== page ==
A Food Editors' Field Trip to an Urban Farm
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Our food editors got out of the test kitchen recently and headed to a farm in the unlikeliest of places: a New York City basement. Farm.One is a vertical garden that grows rare herbs, microgreens, and edible flowers to order for restaurants all over the city. After getting everyone suited up in lab coats and hairnets, founder and CEO Robert Laing gave the 42 Burners team a tour, going through just a handful of the 200 varieties currently growing in the space (Farm.One has grown about 600 different plants to date).
The food editors were excited about getting a closer look at Farm.One's unique setup. It's a hydroponic facility, which means the plants are grown in a water-based nutrient solution instead of soil. Seeds are planted in what looks like dirt but is actually recycled coconut husks, which help support the burgeoning plants. There's no natural light in the 1,200-square-foot space, only LED lights mimicking the sun. Laing says, "The lights are on 19 hours a day, so it's a perfect summer's day every day in here." The garden doesn't use any pesticides, instead introducing insects such as ladybugs to control any pests. While it may sound complicated, according to Laing, you can recreate this on a smaller scale at home (his new book "Ditch the Dirt" would certainly help!).
Farm.One also takes farm-to-the-table to the next level-they only deliver locally via bike or subway. Produce is often harvested in the morning and delivered by the afternoon. Since they don't have to worry about growing plants that are hardy enough for a long transport or cold storage, they can just focus on flavor.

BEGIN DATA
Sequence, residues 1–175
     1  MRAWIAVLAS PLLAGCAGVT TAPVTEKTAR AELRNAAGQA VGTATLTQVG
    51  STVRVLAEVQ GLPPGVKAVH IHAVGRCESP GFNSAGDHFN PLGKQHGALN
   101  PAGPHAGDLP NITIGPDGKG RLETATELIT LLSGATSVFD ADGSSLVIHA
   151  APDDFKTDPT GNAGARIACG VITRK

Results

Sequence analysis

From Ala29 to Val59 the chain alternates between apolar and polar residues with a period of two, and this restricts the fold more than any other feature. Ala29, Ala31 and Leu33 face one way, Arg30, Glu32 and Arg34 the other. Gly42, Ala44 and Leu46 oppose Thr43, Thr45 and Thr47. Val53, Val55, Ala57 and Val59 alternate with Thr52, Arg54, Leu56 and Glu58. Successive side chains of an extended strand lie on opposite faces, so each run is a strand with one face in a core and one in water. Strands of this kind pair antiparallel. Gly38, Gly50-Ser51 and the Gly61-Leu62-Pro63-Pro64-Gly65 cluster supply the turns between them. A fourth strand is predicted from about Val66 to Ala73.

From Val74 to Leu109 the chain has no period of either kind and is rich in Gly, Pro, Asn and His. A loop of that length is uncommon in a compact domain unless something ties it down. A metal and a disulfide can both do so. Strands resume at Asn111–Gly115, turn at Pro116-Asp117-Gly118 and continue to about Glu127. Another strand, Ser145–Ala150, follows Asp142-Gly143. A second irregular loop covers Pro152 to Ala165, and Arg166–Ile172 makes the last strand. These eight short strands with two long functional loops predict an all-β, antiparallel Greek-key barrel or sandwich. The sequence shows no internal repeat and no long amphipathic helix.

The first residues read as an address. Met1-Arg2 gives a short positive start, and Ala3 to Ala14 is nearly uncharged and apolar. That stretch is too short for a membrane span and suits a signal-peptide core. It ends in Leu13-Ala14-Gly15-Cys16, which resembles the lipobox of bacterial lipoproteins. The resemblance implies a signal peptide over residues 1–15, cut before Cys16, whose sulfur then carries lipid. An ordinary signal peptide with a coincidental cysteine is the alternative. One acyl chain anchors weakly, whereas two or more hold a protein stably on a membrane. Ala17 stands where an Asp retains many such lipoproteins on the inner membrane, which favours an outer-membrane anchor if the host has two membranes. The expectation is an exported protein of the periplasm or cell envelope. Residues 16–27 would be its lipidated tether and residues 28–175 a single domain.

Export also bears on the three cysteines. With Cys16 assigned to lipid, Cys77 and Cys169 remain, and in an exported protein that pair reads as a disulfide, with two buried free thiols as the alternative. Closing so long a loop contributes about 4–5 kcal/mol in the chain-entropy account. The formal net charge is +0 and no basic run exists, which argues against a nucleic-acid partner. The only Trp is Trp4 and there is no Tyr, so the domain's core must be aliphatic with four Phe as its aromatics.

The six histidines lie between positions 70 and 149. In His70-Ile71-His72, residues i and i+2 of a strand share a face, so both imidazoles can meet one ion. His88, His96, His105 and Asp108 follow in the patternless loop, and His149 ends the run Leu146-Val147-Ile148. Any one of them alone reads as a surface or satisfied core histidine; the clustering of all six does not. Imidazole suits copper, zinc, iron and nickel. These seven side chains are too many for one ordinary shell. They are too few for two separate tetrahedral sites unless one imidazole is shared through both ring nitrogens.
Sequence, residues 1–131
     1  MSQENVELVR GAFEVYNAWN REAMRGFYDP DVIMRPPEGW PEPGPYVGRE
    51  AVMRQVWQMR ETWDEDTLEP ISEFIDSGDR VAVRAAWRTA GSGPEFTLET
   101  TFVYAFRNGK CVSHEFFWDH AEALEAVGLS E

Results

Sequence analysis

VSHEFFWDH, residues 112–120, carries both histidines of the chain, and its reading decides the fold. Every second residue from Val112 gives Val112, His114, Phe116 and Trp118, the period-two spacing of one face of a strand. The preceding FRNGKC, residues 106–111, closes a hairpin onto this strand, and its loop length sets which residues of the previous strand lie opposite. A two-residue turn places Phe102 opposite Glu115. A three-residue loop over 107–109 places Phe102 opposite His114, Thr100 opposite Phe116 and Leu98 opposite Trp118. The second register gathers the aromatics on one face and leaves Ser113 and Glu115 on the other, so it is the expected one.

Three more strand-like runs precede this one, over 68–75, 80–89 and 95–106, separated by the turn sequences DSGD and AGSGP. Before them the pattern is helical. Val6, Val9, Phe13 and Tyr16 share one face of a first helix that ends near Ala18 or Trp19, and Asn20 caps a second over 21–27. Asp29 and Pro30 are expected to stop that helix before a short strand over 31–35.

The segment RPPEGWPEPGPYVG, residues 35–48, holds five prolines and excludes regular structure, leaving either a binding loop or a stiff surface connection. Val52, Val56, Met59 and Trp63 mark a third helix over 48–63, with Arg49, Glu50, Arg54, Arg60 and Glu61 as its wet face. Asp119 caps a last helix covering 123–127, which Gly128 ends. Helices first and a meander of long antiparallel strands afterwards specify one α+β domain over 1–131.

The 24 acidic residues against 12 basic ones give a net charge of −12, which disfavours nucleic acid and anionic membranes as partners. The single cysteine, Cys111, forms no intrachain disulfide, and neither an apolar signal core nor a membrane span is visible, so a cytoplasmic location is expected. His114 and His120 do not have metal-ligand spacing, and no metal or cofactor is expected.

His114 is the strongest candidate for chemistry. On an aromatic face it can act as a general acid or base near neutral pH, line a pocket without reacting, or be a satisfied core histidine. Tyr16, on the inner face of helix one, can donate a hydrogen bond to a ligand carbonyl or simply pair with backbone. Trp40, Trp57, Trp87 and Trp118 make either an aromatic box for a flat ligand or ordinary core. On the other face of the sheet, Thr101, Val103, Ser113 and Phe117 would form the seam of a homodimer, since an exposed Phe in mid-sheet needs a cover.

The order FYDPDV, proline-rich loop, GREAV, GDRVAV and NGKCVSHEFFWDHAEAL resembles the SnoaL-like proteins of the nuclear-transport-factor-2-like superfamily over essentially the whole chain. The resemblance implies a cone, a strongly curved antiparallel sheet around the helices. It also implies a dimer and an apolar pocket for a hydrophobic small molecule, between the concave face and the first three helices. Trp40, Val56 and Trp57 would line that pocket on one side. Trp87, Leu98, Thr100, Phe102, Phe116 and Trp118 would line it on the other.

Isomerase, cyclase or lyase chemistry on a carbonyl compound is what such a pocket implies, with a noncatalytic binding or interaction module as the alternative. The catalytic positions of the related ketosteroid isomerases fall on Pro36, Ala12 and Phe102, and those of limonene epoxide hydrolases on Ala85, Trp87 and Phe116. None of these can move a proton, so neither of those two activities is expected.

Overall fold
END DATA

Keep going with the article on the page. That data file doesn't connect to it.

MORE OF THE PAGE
Laing broke out his shears and clipped samples for the team to taste, from a hard-to-find Tuscan mint called nepitella, which was the first product Farm.One ever sold (to none other than superstar chef Daniel Boulud), to the Mexican herb papalo, Laing's favorite (and the star of our summer burrata recipe!). He says, "Papalo is actually what made me want to grow all this stuff. I first came across it at a farmers' market in Los Angeles, but two months later, it was gone, so I was intrigued by that, as well as the technology of hydroponics."
Shira's favorite was the purple oxalis, and Lauryn was brave enough to try a Szechuan button, also known as the "toothache plant," which creates a tingling, almost numbing sensation in the mouth. There were also lots of familiar faces in the garden, but with the flavors turned up to 11: mizuna, sorrel, summer savory, purslane, mustard greens, you name it. While the majority of Farm.One's customers are chefs, they also host tours for the public and sell produce to individuals. You just have to know where to go-as Lindsay says, "It's like a speakeasy for herbs!"